The townhouse closing may or may not happen today. If not, Angy has to catch a flight out of town tomorrow. In that case, we will have to sign power of attorney over to me so that I can sign for both of us at closing.

Just like the recipe for my famous extra-chewy chocolate chip cookies, the plot thickens!

Add to Technorati Favorites

Subscribe in a reader

Share this: del.icio.us | Digg | Ma.gnolia | Reddit | Stumble Upon |

Delay on Townhouse Closing

Saturday, July 12th, 2008


We were not able to close on the fixer-upper townhouse on Friday. The underwriter for the loan requested some more documentation. They asked for a monthly utility bill to verify our current residence, a copy of my wife’s driver license to verify her complete legal name, and copies of our social security cards.

If all goes well, we will now close on Monday or Tuesday.

Add to Technorati Favorites

Subscribe in a reader

Share this: del.icio.us | Digg | Ma.gnolia | Reddit | Stumble Upon |

Closing day approaches on fixer-upper townhouse

Monday, July 7th, 2008


The purchase process is winding its way toward a conclusion for the fixer-upper townhouse that I am purchasing. I had the inspection done last Wednesday (naturally, I followed the inspector around so I could see the problems that he saw), the appraisal should have come in today, and we are closing Friday.

The good faith estimate from the mortgage company came in at around $650/month PITI. I plan to charge $775 for the base rent on the new townhouse. We put 20% down on the $105,000 sales price, and the seller cooperated by paying for part of the closing costs out of her proceeds at closing. (I’m going to discuss that in more detail in a future post.)

It’s a property that’s really worth a hoot because it has all the right things wrong with it. It needs paint, needs vinyl tiles replaced, needs wood putty in door holes, a few outlets are cracked, has some oil on the driveway, and it has a few leaky faucets. On the plus side, the A/C is only one year old and the roof is solid. And all the appliances work. It should take about week to get it in ship shape.

The best part about the deal is that my other unit, 3 doors down, rents like hotcakes. As soon as we put the For Rent sign up, we have people knocking on the door. I’ve been waiting for another one these units to open up at a decent price.

On another note,

There’s a good aritcle comparing oil vs. latex paints over at fliprent.com.

Add to Technorati Favorites

Subscribe in a reader

Share this: del.icio.us | Digg | Ma.gnolia | Reddit | Stumble Upon |

Due Diligence and Property Inspection, Part 9: Qualifying the Inspectors

Friday, May 16th, 2008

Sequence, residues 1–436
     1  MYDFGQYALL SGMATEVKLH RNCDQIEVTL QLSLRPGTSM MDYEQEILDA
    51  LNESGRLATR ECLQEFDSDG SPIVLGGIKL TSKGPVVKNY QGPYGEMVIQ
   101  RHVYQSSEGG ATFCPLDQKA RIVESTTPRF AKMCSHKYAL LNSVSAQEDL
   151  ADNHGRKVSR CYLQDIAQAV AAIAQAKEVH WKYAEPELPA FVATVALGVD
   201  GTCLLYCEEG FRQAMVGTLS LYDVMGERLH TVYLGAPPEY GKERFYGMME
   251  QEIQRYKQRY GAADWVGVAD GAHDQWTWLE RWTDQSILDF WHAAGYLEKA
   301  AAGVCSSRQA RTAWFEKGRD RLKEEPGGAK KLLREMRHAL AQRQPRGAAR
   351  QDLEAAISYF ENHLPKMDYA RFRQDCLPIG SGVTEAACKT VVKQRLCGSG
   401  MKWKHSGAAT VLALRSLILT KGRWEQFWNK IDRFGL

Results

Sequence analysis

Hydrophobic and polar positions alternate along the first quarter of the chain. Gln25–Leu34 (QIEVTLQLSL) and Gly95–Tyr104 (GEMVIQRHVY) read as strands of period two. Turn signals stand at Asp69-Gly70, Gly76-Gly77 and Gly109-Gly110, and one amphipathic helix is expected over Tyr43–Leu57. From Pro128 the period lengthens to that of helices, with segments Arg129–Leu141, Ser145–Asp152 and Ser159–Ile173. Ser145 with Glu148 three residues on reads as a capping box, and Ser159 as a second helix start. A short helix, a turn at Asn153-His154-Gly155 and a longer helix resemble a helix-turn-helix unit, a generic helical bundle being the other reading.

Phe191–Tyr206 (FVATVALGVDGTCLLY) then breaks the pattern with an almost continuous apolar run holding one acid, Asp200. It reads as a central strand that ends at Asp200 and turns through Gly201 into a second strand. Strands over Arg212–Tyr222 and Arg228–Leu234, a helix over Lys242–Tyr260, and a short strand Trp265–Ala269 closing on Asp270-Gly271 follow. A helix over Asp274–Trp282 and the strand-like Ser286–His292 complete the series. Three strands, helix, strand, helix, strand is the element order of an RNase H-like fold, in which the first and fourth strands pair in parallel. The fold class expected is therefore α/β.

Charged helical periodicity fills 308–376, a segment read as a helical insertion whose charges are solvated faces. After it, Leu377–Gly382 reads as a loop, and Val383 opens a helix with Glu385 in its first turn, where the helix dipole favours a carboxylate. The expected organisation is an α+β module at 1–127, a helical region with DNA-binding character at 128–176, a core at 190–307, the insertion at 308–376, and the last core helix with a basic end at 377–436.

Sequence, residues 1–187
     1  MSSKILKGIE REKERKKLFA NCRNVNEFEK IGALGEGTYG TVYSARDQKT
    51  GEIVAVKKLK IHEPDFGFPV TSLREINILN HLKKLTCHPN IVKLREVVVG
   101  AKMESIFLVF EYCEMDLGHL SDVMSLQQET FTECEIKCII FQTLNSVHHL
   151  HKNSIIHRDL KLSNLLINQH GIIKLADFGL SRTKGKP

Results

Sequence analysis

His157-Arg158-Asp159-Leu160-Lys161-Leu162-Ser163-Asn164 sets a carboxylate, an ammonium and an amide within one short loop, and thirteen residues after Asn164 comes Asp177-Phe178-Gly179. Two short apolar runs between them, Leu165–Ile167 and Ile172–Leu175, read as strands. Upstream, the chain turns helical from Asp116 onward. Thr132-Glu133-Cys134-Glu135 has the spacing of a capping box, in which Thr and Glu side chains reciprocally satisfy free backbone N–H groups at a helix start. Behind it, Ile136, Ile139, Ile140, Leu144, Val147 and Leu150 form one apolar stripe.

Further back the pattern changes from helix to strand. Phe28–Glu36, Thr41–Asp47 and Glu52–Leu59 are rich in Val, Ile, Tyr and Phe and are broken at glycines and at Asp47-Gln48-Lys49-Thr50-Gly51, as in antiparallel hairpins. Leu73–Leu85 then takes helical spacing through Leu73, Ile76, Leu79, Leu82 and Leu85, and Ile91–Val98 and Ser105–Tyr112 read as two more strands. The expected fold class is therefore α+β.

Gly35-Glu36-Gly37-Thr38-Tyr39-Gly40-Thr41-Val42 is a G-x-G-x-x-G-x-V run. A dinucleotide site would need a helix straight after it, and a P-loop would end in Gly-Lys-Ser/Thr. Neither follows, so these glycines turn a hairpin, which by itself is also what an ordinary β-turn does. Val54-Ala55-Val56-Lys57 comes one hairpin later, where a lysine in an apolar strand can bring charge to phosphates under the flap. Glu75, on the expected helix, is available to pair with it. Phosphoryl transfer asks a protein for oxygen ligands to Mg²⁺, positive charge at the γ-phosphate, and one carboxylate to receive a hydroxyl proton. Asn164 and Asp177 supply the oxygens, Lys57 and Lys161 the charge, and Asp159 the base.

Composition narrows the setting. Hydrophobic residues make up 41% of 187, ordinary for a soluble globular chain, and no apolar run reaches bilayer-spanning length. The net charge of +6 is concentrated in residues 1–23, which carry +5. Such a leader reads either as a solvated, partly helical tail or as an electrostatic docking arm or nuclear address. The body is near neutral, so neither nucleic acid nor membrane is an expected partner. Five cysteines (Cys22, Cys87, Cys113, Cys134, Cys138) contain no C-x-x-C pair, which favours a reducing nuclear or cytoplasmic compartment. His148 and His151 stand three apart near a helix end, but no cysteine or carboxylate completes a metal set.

,
Buying fixer-upper houses, repairing them, and renting them out is a safe way to generate short-term income and long-term wealth. But, how can you be sure that a house is worth what you are offering to pay for it? Based on experience, we can eyeball the property and probably be able to make a pretty accurate estimate of its worth 90% of the time.

However, that’s not good enough. We need more information than our educated eyeball can provide. In order to:
1.) avoid any surprise defects after its too late, and
2.) negotiate a lower selling price for the house,
we hire a professional inspector to do a physical and structural inspection.

For the last post related to due diligence see Due Diligence Property Inspection, Part 8 – pest control and property damage.

Most purchase agreements require the seller to deliver the property in good physical condition with all basic systems in good shape, unless the seller discloses otherwise. Generally, the inspection process reveals deficiencies that need to be corrected, whether they were disclosed or not.

So with inspection reports in hand, you are armed to arrange for the seller to correct the noted items at his/her expense. The seller is trapped in a corner. He reads the report and sees the photos showing the inescapable evidence that repairs are needed. He either makes the repairs or you walk.

Inspect the inspectors before you hire one.

Most investors hire a property inspector based on the advice of a real estate agent, which is not necessarily a bad way to go. But, you will be spending a tidy sum to hire an inspector, so its best to interview a few before deciding. You may see a big differences in experience, qualifications, and ethical standards. I would never hire an inspector who would not allow me to accompany him during the inspection.